JTF (just the facts): A total of 10 photographs, variously framed in dark/light wood and unmatted, and hung in the single room gallery space. The show includes 9 archival inkjet prints and 1 gelatin silver print, made between 2011 and 2013. Physical dimensions range from 14×11 to 54×43, in editions of 1+1AP or 3+2AP. The exhibition space has been altered by the addition of three new walls, creating a main space in the center, and smaller hidden spaces behind. (Installation shots below).
Comments/Context: Our contemporary existence is so oversaturated with imagery that we have come to expect every photograph we see to reveal itself instantly, to communicate its message without delay. Lucas Blalock’s new show offers conscious resistance to this idea of immediacy, frustrating our ability to “get the answer” quickly. His newest pictures, and the way they have been displayed, quietly undermine our voraciousness, blocking our ability to see and deconstructing the very notion of what a photograph is meant to do.
Blalock’s obstructions come in many forms. A wooden knife block is turned upside down, closing off the slots where the knives usually sit and turning it into a sculptural, geometric form. A gathering of items seemingly pulled out of a refrigerator are interrupted by spray painted black smudges that erase the branding. A self portrait is executed in the bends of two pipe cleaners, leaving behind just a hint of the original form. And everyday items like a blue plastic kiddie pool and a sheet of plywood are digitally sliced and reworked, creating jittering surfaces that fragment and reform.
Blalock takes this idea of multiple layers further by reconfiguring the physical gallery space into an echo of itself. It soon becomes clear that the four walls of the gallery are not the exterior walls, but new walls erected just for this show. A peek behind the drywall edge uncovers a kind of ghost show, where several more images sit in near complete darkness, hemmed in by the new walls. There is something pleasantly absurd about shimmying down the narrow side alley, trying to get a glimpse of these works, only to find that it is both too dark and the space too constrained to really see them. A “No Vacancy” image is really only visible from the front window of the gallery, a smart back and forth between welcoming and rejecting. The recalibration of the space is almost like one of Blalock’s jittered images, where reality is slightly mediated and slippery.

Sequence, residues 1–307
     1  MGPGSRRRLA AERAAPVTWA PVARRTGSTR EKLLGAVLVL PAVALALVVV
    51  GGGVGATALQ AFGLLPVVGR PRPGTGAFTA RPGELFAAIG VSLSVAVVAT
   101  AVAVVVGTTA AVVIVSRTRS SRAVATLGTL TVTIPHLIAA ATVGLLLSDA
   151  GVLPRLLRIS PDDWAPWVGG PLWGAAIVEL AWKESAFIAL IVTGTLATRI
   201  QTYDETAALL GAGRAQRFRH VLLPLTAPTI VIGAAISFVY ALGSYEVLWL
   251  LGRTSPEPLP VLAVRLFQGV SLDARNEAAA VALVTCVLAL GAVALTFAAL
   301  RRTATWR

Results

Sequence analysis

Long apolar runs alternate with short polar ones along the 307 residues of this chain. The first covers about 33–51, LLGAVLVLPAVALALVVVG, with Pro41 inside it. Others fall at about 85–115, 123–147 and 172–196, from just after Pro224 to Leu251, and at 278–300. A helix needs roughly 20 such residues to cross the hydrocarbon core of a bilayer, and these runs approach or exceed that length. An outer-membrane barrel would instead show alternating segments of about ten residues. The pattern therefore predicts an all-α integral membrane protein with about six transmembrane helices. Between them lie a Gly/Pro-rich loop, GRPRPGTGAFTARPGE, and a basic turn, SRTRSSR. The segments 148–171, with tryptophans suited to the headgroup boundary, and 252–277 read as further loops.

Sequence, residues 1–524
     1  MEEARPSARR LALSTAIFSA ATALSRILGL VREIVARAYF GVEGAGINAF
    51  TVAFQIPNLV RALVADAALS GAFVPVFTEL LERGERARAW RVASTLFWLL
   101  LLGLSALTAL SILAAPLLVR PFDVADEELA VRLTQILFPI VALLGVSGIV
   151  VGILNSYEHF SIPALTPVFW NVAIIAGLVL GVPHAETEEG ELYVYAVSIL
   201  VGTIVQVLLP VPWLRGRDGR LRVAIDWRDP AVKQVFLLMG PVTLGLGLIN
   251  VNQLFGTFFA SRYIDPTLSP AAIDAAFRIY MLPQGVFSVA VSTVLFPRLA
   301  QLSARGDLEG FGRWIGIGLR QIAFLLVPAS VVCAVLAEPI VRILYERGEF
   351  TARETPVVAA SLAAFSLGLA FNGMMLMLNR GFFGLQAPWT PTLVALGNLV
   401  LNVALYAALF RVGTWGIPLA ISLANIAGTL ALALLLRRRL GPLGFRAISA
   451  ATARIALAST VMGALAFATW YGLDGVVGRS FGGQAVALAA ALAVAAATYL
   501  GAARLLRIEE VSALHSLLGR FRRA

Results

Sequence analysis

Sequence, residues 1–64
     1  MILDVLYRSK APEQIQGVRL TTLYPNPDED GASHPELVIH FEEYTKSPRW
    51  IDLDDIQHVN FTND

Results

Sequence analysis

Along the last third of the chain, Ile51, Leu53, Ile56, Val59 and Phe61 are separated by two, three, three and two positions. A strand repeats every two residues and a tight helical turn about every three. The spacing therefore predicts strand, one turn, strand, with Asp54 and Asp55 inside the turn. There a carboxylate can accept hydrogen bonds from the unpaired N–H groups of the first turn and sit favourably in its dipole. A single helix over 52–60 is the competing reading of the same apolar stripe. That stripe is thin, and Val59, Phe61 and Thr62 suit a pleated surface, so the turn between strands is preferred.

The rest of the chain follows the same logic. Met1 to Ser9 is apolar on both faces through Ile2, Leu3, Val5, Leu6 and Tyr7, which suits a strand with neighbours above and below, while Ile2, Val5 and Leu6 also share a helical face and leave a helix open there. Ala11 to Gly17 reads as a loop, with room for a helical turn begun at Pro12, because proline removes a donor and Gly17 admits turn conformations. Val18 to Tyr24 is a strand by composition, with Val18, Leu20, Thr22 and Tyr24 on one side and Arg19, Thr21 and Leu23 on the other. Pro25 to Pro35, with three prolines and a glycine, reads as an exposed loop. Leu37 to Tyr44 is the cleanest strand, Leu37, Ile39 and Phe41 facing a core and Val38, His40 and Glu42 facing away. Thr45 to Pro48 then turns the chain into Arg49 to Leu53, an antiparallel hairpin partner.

The danger with work like this is that it falls too far into its own navel gazing, photography about photography world and bores us with its self importance. I think Blalock cleverly avoids this trap by bringing in a touch of subtle ridiculousness to lighten the mood. Blalock’s photograph of a man cradling a slab of green astroturf like a guitar, his image sliced and diced into nuanced strips and layers, delivers a message about the synthetic nature of imagery, while also adding an element of odd comedy. All in, this is a show full of unlikely ideas and constant interference, forcing us to reconsider what we can expect from a photograph.
Collector’s POV: The prints in this show range in price from $2500 to $8000 (based on size), with several of the works already sold. Blalock’s work has little secondary market history at this point, so gallery retail remains the best option for those collectors interested in following up.